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Looking out our Milky Way galaxy’s south window

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Tonight for November 14, 2014

From day to day, the moon moves eastward in front of the backdrop stars. The green line depicts the ecliptic - Earth's orbital plane projected onto the dome of sky. The moon and planets are always found on or near the ecliptic

Are you an early riser? If so, use the moon Saturday morning to identify the planet Jupiter and star Regulus in the predawn sky.

Want a great gift for a friend or family member? Order an EarthSky 2015 lunar phase poster today!!

Tonight, or any clear November evening, try using the Great Square of Pegasus to star-hop to our galaxy’s south window. In other words, you’ll be looking away from the flat plane of the Milky Way – where most of our galaxy’s stars reside – and southward toward intergalactic space.

Here’s how to do it. Every year in November, as seen from mid-northern latitudes, the Great Square of Pegasus appears high in the south to overhead by about 8 p.m. This large asterism really does look like a large square pattern, with four medium-bright stars marking the corners. Draw a line through the Great Square’s two westernmost (or right-hand stars), and extend that line southward to land on the bright star Fomalhaut in the constellation Piscis Austrinus the Southern Fish.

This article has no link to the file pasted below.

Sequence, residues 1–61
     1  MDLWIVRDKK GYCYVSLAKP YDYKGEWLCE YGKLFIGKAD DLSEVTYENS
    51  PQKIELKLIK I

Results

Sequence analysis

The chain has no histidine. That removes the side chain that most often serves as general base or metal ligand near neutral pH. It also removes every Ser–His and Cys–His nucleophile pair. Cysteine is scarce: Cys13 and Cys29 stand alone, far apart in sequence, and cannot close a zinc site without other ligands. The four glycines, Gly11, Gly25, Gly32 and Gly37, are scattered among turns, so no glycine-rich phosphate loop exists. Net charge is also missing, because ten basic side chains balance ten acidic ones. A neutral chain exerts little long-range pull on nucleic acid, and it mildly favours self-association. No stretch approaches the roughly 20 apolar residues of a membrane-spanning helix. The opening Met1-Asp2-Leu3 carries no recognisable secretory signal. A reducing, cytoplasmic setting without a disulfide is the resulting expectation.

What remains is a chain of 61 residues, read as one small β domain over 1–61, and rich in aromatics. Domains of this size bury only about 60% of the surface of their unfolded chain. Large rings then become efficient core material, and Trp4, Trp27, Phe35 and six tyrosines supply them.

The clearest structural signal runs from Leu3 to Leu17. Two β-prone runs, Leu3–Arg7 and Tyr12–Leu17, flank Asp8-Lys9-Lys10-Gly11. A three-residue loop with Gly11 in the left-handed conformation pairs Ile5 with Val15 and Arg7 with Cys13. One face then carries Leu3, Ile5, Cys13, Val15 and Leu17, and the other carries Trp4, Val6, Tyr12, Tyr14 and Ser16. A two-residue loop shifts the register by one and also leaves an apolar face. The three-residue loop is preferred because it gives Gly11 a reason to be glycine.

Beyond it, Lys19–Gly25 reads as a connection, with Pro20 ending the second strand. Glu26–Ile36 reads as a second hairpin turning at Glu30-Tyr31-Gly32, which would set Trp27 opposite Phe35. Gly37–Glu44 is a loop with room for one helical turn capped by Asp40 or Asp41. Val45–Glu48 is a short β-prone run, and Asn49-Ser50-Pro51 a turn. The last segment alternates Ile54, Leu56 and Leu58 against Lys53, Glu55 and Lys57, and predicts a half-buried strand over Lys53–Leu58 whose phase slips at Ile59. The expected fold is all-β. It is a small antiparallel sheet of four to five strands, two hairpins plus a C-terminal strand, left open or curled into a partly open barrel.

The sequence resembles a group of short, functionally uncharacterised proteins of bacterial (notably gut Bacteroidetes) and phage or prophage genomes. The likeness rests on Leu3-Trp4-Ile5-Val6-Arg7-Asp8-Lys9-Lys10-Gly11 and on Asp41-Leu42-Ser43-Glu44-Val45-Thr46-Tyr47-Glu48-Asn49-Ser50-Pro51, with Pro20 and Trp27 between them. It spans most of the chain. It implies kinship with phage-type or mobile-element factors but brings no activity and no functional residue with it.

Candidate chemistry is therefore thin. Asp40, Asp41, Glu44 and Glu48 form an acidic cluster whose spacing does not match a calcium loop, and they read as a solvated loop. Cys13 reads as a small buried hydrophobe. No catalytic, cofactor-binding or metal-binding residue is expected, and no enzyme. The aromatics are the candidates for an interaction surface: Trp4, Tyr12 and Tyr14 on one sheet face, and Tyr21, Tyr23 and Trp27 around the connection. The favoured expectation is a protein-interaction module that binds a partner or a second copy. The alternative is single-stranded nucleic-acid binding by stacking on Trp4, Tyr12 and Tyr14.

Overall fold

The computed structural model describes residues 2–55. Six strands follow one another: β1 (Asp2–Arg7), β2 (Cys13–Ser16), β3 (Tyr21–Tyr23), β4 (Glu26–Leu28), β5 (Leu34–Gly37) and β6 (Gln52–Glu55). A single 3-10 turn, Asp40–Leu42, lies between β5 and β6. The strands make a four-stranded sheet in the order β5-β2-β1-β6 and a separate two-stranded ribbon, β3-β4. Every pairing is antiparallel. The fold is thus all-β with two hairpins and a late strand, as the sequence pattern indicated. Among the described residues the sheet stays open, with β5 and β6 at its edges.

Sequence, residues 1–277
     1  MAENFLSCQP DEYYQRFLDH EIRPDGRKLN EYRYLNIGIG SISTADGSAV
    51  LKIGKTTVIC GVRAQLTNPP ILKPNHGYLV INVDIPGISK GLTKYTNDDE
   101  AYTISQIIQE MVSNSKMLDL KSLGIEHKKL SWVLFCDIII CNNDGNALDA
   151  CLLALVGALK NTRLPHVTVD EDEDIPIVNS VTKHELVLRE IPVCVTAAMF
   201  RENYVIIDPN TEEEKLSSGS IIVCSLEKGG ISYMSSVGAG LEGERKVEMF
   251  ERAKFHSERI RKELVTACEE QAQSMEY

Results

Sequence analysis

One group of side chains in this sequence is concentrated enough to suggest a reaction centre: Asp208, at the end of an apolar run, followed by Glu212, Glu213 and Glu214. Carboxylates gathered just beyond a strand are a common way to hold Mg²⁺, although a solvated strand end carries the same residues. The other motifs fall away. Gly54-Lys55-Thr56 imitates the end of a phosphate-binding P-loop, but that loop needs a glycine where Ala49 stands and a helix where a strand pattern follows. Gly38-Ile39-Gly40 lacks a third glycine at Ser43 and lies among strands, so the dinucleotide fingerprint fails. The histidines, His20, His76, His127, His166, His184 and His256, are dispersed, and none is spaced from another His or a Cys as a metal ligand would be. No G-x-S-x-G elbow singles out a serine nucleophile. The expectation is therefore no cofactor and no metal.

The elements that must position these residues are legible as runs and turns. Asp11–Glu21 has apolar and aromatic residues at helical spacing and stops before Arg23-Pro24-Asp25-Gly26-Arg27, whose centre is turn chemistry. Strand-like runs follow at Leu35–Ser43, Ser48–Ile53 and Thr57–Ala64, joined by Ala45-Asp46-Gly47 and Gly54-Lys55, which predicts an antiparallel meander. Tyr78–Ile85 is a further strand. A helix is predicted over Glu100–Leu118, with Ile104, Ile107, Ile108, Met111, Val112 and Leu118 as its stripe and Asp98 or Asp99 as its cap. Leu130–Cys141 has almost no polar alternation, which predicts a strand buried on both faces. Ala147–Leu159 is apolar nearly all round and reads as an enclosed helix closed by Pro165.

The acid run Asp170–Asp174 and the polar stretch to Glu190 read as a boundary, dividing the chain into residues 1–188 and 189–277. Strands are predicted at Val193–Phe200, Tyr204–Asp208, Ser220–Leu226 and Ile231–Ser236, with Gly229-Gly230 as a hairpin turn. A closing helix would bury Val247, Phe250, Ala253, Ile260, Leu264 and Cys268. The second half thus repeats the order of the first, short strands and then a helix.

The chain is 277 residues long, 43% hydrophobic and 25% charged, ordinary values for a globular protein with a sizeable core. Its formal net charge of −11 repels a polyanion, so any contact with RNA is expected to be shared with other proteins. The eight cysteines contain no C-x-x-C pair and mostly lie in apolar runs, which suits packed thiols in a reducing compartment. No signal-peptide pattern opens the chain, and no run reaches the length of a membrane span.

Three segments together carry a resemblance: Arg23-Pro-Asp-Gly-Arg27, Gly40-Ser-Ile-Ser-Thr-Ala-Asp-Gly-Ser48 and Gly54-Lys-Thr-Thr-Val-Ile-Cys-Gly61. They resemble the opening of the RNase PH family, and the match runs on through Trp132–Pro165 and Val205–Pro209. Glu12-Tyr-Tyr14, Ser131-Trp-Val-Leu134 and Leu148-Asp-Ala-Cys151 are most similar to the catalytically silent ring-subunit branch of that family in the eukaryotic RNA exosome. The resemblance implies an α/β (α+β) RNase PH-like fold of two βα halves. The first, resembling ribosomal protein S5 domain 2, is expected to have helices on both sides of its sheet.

Why find Fomalhaut? When you look at this star – sometimes called the Autumn Star or the Loneliest Star – you are looking some 90 degrees from the plane of our galaxy’s equator.

Our Milky Way galaxy is round and flat, like a pancake. When you look toward Fomalhaut, you’re looking away from the pancake, and out the south window of the galaxy. In other words, we’re looking away from the star-packed disk of the galaxy, into extragalactic space and the realm of galaxies.

Sky chart of the constellation Sculptor

The south galactic pole lies in the direction of the constellation Sculptor.

Want the exact location of the south galactic pole? It lies east of Fomalhaut, in the faint constellation Sculptor.

Bottom line: Tonight, try using the Great Square of Pegasus to find the star Fomalhaut. Once you’ve found Fomalhaut, you’re on your way to visualizing looking out the south window of our Milky Way galaxy.

Easily locate stars and constellations during any day and time with EarthSky’s Planisphere.